|ITEM||Votive ‘Manu fica’ amulet|
|PERIOD||1st – 3rd Century A.D|
|DIMENSIONS||18 mm x 7 mm|
|PROVENANCE||Ex English private collection, London, G.H. Collection, acquired before 1988|
The fig sign is a mildly obscene gesture used at least since the Roman Age in Italy and Southern Europe and parts of the Mediterranean region, including in Turkish culture, and has also been adopted by Slavic cultures. The gesture uses a thumb wedged in between two fingers. This gesture is most commonly used to ward off the evil eye, insult someone, or deny a request. In ancient Rome, the fig sign, or manu fica, was made by the pater familias to ward off the evil spirits of the dead as a part of the Lemuria ritual.
The Lemuralia or Lemurian festival is the name given to a pagan religious celebration of the ancient Romans, in which they performed apotropaic rites for three days and nights to exorcise the ghosts of the restless dead and prevent them from haunting their homes.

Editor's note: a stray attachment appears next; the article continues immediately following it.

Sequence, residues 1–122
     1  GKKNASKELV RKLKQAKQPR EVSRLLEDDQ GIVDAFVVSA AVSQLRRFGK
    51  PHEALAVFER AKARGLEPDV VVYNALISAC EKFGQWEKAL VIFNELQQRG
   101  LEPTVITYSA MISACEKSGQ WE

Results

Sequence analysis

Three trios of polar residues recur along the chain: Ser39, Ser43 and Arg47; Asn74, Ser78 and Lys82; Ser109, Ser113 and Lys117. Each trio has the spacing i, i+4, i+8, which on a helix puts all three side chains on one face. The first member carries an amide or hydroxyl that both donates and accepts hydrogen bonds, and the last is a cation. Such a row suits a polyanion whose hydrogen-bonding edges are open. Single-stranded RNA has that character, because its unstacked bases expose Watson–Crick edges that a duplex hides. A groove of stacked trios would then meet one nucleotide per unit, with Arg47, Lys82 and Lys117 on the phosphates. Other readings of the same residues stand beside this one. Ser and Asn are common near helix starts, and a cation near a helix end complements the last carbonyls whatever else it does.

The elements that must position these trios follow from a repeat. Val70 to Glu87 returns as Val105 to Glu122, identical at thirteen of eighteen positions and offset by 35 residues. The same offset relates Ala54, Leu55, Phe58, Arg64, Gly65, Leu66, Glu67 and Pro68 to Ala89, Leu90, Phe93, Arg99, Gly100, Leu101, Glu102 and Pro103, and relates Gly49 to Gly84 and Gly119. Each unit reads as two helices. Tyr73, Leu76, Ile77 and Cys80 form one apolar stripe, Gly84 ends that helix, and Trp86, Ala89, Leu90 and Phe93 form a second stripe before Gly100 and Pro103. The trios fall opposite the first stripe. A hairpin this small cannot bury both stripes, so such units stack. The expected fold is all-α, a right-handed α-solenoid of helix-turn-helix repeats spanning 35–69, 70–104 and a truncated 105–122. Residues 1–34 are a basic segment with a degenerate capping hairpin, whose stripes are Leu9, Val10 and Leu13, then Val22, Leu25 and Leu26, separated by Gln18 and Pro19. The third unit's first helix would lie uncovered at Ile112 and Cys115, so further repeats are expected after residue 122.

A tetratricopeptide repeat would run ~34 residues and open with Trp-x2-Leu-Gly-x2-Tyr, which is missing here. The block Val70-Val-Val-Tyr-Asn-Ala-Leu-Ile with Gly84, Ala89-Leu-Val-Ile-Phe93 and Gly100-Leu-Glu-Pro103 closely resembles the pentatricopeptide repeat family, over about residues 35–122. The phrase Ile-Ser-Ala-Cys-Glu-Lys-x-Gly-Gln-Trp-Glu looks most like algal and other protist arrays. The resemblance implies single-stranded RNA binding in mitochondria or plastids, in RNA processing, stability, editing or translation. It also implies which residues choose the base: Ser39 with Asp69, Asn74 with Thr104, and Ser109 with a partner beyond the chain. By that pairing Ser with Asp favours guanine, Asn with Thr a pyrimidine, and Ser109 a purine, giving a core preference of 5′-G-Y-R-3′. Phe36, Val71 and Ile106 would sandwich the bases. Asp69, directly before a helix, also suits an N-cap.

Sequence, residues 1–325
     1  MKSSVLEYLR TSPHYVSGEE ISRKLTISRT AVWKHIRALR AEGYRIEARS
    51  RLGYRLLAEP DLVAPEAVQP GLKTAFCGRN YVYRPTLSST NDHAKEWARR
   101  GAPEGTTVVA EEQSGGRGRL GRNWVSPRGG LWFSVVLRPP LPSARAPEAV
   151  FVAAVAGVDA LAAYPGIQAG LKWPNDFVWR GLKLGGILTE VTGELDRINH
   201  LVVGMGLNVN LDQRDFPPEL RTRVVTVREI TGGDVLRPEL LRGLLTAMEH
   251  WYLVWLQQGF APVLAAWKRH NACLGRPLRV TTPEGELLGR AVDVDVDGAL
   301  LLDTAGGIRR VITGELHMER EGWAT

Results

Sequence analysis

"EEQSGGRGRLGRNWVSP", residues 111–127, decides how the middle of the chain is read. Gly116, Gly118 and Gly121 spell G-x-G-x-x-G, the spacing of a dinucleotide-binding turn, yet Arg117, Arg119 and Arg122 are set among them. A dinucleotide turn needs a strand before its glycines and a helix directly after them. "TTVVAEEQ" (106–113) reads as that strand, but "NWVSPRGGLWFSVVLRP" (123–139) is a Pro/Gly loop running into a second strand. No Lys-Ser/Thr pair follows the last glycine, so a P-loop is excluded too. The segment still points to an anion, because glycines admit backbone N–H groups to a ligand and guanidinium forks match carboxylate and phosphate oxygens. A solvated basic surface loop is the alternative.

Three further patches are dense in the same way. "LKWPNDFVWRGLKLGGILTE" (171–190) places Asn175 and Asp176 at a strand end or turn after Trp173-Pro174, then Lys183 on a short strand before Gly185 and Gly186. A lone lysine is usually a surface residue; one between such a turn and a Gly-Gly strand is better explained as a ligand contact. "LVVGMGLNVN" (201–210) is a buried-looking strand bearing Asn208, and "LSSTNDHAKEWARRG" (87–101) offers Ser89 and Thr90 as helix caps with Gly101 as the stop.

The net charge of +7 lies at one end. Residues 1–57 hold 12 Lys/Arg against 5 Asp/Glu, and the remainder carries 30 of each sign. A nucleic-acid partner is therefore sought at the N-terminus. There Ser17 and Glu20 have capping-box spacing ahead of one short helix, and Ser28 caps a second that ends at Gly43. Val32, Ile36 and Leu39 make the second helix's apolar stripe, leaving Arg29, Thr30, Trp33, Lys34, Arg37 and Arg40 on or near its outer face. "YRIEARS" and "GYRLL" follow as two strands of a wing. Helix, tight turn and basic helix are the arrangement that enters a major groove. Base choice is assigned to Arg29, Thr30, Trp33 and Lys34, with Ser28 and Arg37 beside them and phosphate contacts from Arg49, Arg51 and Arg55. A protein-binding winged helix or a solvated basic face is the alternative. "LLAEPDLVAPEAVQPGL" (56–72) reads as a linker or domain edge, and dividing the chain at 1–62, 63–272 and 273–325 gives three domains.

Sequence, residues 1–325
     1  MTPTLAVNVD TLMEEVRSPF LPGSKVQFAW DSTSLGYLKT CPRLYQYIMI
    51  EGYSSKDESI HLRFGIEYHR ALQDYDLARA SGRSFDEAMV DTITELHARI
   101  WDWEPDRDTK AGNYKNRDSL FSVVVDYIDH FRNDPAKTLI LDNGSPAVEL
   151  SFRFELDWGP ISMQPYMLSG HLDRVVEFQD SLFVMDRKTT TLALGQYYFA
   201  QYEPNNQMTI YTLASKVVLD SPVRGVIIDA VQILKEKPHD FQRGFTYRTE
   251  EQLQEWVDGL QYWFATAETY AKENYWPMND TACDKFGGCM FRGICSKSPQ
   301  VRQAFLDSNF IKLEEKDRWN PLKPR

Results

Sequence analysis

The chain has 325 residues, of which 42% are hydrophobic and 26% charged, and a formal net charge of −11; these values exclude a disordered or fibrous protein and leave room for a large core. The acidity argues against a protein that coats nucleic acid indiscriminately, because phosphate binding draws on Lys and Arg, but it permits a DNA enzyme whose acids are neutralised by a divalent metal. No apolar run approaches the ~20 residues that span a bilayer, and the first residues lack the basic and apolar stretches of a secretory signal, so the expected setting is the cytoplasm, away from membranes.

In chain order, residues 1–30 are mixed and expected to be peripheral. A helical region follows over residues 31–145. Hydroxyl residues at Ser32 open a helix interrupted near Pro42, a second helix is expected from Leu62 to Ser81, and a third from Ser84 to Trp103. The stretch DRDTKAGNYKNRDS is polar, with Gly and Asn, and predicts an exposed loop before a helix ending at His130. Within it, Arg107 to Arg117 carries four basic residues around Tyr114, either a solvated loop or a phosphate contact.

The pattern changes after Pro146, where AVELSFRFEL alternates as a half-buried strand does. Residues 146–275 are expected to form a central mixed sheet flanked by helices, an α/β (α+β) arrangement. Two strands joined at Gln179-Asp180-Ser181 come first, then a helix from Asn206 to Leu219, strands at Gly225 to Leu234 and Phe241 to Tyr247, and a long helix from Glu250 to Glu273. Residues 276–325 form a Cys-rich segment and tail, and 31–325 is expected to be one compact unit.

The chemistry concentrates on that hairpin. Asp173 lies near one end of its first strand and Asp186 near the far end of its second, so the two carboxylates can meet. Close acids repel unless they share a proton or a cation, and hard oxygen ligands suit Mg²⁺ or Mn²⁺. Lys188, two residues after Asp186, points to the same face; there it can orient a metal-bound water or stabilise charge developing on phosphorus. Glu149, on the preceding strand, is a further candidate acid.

The description of the ceremony or domestic liturgy carried out in these days by the Roman citizens was given by the Latin poet Ovid in his Fasti: the pater familias would walk barefoot through the house at midnight and make an offering of black beans that he would throw behind his shoulder without turning or looking back, making a fig or chestnut as a defence spell (digitis medio cum pollice iunctis), while he noticed a bronze jug, pot or pot and pronounced the formula: Manes exite paterni! / “Come out, spirits of the ancestors”, in a completely apotropic context.